Data on the effect of cyclosporine (CsA) on MSC-induced immunoregulation are controversial [55,66] (Table 1). There is experimental and clinical evidence that calcineurin inhibitors (CNI), by blocking IL-2 expression in T cells, prevent both Treg development and homeostasis [71], although at low-dose these drugs may expand Tregs in both the periphery and the allografts [72].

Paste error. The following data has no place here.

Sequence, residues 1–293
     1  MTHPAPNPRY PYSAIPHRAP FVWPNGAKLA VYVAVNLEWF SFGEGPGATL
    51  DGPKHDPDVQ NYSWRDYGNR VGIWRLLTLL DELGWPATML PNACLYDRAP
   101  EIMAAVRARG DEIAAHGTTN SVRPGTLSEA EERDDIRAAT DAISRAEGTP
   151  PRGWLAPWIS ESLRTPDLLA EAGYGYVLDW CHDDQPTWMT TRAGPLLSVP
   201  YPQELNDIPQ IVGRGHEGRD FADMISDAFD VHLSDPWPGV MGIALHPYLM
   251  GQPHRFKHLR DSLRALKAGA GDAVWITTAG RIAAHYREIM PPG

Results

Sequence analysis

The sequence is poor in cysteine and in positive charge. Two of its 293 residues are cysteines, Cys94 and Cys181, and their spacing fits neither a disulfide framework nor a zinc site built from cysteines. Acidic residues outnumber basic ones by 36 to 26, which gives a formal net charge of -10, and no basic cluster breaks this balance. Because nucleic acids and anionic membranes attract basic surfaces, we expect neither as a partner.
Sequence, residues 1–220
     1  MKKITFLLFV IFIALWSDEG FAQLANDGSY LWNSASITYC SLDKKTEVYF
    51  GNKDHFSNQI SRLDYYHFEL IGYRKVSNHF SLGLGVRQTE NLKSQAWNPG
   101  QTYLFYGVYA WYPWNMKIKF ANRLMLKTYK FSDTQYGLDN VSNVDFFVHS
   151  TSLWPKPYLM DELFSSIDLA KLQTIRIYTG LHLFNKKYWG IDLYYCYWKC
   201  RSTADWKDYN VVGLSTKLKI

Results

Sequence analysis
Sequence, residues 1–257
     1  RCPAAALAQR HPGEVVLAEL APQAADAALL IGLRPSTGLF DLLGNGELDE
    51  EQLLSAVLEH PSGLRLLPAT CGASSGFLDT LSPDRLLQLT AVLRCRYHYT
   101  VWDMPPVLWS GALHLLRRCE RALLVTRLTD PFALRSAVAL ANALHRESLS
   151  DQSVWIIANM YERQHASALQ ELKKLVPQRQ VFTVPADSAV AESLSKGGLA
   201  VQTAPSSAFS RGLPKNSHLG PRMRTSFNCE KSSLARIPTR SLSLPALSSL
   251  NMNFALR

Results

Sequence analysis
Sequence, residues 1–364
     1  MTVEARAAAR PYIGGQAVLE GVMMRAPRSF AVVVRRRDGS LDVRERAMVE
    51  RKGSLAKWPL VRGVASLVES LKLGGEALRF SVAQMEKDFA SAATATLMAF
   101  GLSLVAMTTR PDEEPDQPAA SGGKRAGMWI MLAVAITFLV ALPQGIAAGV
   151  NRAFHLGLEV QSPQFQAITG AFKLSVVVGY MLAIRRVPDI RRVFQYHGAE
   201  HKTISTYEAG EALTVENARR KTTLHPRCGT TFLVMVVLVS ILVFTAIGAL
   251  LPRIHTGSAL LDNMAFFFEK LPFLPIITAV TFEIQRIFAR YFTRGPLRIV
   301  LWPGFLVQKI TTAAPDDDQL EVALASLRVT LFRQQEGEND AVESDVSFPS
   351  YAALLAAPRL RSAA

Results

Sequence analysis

In a mouse model of in-vivo MLR, CsA inhibited the MSC-mediated suppression of CD4+ T-cell proliferation [54]. At variance, other in-vitro studies have documented the CsA did not interfere with MSC-mediated Treg generation [23] and that MSC synergized with CsA in inhibiting T lymphocyte activity [73]. The combination of MSC and subtherapeutic doses of CsA exerted a synergistic immunosuppressive effect, which translated into long-term graft acceptance of islet allografts [58,60▪]. In rat islet allograft models MSC and low-dose CsA induced early expansion of IL-10 producing CD11b cells, which mediated T-cell hyporesponsiveness and allowed long-term Foxp3 Tregs expansion in lymph nodes and in the graft [60▪]. Moreover, in swine the combination of multiple infusions of allogeneic MSC with short-term CsA immunosuppression achieved indefinite graft survival of hind-limb transplants [64▪] and prolonged the survival of a hemi-facial transplant [65▪]. In both studies long-term surviving animals showed increased levels of Foxp3 Tregs in the periphery and in the graft [64▪,65▪].